Town water pressure may be worked on soon
A project deemed important to solving the town’s high water pressure problems isn’t in the lineup for grant-funded work right now. But it could still make it onto the list if the budget works out, said Nashville Utility Coordinator Sean Cassiday.
In December 2015, an engineering firm determined that most pressure-reducing valves were not present or working as they should be in the town’s water system.
High pressure is a cause of water line breaks, which result in boil orders. Water pressure was measured at upwards of 150 psi in some areas of the town’s water system when it should be more like 80 psi, engineers said.
That project was not on the list the town submitted for grant funding. Town leaders thought they could pay for it out of cash flow or savings instead.
But Cassiday told the town council last month that the estimates for the other jobs on the list were coming back high, so there might be room in the grant money after all to pay for at least some of the valve project.
No start date has been announced for other work on the water system, which includes finishing a water main installation on Freeman Ridge Road, replacing water meters, demolishing an unneeded water storage tank and booster station and replacing another booster station.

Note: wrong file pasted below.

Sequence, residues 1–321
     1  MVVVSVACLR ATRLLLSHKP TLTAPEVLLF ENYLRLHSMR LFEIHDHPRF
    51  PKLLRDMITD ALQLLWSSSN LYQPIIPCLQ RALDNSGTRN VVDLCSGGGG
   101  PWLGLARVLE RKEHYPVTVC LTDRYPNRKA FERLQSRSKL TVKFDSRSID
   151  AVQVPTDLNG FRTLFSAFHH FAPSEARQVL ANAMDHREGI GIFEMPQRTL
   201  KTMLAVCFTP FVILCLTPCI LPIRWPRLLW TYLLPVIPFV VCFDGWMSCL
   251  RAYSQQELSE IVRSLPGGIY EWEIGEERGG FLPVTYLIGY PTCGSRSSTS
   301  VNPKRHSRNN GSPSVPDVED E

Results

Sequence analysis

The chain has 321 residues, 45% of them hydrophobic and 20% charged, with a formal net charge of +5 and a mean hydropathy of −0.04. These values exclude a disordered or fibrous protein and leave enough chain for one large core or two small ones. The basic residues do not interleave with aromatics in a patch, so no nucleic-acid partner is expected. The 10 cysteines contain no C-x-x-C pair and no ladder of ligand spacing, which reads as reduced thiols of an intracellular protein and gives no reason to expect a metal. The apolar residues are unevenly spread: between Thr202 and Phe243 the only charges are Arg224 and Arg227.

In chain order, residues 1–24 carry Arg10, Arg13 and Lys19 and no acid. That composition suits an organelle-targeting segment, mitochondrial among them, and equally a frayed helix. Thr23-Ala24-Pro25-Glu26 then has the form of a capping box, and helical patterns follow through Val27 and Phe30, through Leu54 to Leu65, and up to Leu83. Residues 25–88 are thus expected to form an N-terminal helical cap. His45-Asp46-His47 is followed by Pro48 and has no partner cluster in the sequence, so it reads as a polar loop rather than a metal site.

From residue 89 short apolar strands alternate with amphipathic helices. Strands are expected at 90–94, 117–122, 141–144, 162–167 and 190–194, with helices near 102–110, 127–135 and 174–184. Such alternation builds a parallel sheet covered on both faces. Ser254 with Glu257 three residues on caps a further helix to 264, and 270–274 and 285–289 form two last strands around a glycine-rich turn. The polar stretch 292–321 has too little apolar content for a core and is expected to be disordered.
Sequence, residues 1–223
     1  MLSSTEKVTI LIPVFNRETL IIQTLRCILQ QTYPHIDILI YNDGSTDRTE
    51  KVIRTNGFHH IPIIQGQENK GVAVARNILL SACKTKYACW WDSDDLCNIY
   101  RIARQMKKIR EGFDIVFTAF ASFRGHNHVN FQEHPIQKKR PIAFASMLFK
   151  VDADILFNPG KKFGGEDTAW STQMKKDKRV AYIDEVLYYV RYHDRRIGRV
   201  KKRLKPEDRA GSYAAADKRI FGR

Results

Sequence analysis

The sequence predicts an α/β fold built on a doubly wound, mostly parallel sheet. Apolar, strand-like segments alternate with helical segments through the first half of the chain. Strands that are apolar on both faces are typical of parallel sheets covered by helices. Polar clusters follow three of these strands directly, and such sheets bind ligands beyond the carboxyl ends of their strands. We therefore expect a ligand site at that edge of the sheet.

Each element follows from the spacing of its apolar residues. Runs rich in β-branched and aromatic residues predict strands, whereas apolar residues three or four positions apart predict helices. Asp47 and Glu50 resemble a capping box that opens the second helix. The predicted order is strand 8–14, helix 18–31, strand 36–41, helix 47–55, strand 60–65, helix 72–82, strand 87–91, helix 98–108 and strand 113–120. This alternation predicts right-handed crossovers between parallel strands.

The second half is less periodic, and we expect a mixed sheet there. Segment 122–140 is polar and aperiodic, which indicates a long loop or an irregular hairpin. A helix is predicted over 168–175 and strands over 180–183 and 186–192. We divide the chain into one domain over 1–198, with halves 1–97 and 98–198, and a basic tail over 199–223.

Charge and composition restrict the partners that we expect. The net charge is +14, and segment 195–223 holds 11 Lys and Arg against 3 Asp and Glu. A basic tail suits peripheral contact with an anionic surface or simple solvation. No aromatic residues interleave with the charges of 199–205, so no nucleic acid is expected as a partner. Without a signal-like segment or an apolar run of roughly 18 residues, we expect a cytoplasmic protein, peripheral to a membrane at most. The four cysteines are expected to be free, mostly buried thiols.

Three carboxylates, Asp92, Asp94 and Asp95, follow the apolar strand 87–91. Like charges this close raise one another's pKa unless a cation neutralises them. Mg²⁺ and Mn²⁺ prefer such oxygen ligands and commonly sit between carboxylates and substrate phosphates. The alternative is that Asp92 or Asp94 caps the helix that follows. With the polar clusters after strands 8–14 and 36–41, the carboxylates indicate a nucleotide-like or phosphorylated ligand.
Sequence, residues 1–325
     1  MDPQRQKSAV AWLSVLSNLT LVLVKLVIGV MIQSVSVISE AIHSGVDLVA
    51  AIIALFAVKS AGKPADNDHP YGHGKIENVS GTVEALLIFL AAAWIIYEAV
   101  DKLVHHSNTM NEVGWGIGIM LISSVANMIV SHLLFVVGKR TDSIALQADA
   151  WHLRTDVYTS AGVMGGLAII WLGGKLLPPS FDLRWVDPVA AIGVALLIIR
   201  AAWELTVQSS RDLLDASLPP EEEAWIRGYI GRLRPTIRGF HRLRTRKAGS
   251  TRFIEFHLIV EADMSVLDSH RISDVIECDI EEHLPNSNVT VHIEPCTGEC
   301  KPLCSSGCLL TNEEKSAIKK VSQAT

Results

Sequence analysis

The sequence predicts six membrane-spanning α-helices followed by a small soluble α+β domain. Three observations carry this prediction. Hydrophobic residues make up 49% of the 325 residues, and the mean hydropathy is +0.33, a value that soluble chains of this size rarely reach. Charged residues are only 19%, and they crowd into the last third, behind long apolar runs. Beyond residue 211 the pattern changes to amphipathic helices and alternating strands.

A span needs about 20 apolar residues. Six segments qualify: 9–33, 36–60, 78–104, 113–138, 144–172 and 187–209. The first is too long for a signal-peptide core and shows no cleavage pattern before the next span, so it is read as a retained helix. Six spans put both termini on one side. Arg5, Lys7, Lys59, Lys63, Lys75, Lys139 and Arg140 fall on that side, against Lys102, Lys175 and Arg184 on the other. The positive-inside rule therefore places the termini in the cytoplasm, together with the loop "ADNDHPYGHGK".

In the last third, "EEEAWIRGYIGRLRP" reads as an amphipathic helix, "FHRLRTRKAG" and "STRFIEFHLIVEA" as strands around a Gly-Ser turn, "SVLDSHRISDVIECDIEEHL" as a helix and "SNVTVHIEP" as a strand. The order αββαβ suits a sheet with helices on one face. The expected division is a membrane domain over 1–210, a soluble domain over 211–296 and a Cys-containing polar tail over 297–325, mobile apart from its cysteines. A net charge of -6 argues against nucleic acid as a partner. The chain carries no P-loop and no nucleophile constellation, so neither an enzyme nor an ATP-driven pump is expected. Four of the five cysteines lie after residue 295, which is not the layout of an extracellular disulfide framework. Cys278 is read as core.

The projects are being funded by a $592,000 grant through the Community Development Bloc Grant program and a $1.2 million loan through USDA Rural Development.
Town board representatives change
Two people have been added to town boards to fill vacancies made by resignations.
Barry Herring, owner of the Brown County Inn, is now serving on the Nashville Parking and Public Facilities Corporation, replacing Kevin Ault.
Johnathan Bolte is now serving on the Nashville Arts & Entertainment Commission, replacing Anne Ryan Miller. Bolte is the husband of gourd artist Rosey Bolte and has been active in promoting the Brown County Back Roads Studio Tour.
A list of other appointees to town and county boards and commissions can be found here.